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Principles and practice of Clinical parasitology - Gillespie S.

Gillespie S. Principles and practice of Clinical parasitology - Wiley publishing , 2001. - 675 p.
ISBN 0-471-97729-2
Download (direct link): principlesandpracticeofclin2001.pdf
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HISTORY 5
E N T 0 Z 0 A
BEING A
SUPPLEMENT
TO THE
INTKODUCTION TO THE STUDY OF
HELMINTHOLOGY
BY
T. SPENCEB COBBOLD, M.D., E.E.S.,
CORRESPONDENT OP THE ACADEMY OP SCIENCES OP PHILADELPHIA.
LONDON
GEOOMBBIDGE AND SONS
h, PATERNOSTER ROW.
MDCCCLXIX.
Fig. -1.2 Title page of Cobbold’s text. Published in 1869, this formed a supplement to his major text of 1864
6
PRINCIPLES AND PRACTICE OF CLINICAL PARASITOLOGY
Fig- 1.3 Patrick Manson (1844-1922), who discovered the man-mosquito component of lymphatic filariasis, and founded (with the Rt. Hon. Joseph Chamberlain) the formal discipline of tropical medicine
Louis Pasteur (1822-1895), as well as on many other aspects of science, including fungus diseases of plants, the development of the oyster, the science of teratology, the movement of leucocytes, and investigations involving: rotifers, nematodes and infusoria. His work, in fact, gives a very full account of the state of parasitology in the midnineteenth century. He described Pentatrichomo-nas hominis and Inermicapsifer madagascariensis, and first advocated the widespread diagnosis of intestinal helminthiases by examination of faecal samples (1857). He also demonstrated that the eggs of A. lumbricoides remain infective for long periods of time in a damp environment. However, his
major contribution to parasitology was Traité des entozoaires et des maladies vermineuses de l’homme et des animaux domestiques (1860); although records of the various species are brief, this text contains excellent illustrated descriptions.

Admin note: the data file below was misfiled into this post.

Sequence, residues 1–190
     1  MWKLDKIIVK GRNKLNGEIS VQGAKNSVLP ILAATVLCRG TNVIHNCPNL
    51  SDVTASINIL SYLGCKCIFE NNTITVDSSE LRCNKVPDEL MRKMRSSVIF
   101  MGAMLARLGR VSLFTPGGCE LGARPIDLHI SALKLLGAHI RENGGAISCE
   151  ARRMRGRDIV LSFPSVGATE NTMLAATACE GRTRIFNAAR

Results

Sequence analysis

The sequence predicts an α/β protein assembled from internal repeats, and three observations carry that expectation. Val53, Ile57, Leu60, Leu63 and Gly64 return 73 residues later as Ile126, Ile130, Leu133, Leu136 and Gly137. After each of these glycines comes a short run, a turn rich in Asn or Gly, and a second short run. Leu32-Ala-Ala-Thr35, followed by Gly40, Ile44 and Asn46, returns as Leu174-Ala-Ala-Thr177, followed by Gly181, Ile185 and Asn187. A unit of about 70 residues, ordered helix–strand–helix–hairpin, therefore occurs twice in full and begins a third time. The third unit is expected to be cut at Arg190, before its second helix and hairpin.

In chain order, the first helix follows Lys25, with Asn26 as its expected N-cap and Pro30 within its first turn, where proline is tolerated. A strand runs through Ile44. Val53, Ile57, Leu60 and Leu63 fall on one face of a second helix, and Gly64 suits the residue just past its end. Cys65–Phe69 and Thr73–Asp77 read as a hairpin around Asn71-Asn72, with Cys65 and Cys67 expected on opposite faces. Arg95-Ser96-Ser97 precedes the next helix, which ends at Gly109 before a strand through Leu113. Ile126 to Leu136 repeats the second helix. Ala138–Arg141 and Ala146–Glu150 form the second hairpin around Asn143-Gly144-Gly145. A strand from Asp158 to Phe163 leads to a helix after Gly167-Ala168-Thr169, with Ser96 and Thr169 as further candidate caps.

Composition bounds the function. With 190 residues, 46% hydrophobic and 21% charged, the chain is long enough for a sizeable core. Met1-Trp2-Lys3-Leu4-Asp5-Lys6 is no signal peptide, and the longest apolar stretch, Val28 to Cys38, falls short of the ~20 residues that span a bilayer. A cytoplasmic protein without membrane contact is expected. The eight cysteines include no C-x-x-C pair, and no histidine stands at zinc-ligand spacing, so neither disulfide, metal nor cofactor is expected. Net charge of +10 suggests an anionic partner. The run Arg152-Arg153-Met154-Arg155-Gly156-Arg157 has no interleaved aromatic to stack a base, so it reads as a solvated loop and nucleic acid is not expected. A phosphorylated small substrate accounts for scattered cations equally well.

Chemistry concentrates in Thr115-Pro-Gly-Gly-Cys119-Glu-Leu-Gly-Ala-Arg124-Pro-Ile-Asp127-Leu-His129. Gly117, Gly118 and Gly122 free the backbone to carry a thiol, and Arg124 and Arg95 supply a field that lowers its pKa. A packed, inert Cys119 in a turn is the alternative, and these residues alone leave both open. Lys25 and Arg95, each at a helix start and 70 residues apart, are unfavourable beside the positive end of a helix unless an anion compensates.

DEVELOPMENT OF HELMINTHOLOGY
Dracunculus Medinensis
The first description of this helminthic infection has been attributed to Moses in the Book of Numbers (Foster, 1965); the Israelites were at
HISTORY
7
that time living in the Gulf of Akaba. The Papyrus Ebers (Nunn, 1996) also describes probable dracontiasis; there were also several convincing reports during the Middle Ages. However, the first scientific descriptions were by British Army medical officers serving in India during the early years of the nineteenth century (Foster, 1965), suggesting that the infection was acquired from contaminated drinking water, which was at this time aired but not proved! Williams Scott (Foster, 1965), Surgeon to the First Battalion Madras Artillery, confirmed the observation that the female worm emerges when the affected limb is immersed in water. In England, George Busk (see above) documented the anatomy of the parasite on the Dreadnought Hospital-ship at Greenwich, but he was not able to enlarge upon its life-cycle. Cobbold (see above) in his Entozoa (1864), summarised what was then known of this helminth. The role of Cyclops in transmission to man was suggested by Karl Leuckart (1822-1898) and later confirmed by Aleksei Fedschenko (1844-1873) in Turkestan in 1869. These observations were later corroborated by Manson (see above) in 1894, using larvae from a patient with this infection who was under his care at the Albert Dock Hospital, London. Richard Charles (1858-1934), working at Lahore, was probably the first to visualise the male worm. Details of the life-cycle were elucidated by Robert Leiper (1881-1969) and Manson in the early twentieth century, but the actual site of copulation and the fate of the male worm apparently remain a mystery to this day (Foster, 1965).